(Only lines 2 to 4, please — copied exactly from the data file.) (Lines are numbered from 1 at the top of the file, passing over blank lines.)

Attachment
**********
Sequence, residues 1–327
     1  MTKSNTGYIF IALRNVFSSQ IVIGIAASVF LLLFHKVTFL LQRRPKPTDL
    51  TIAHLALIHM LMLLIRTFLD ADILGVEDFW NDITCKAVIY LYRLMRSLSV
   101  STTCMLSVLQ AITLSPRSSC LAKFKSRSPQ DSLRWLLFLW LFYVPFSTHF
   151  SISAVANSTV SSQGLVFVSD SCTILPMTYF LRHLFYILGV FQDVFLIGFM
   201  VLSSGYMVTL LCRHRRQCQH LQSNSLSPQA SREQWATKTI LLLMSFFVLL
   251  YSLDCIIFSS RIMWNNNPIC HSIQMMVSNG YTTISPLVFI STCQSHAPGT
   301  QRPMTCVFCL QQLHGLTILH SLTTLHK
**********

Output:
     1  MTKSNTGYIF IALRNVFSSQ IVIGIAASVF LLLFHKVTFL LQRRPKPTDL
    51  TIAHLALIHM LMLLIRTFLD ADILGVEDFW NDITCKAVIY LYRLMRSLSV
   101  STTCMLSVLQ AITLSPRSSC LAKFKSRSPQ DSLRWLLFLW LFYVPFSTHF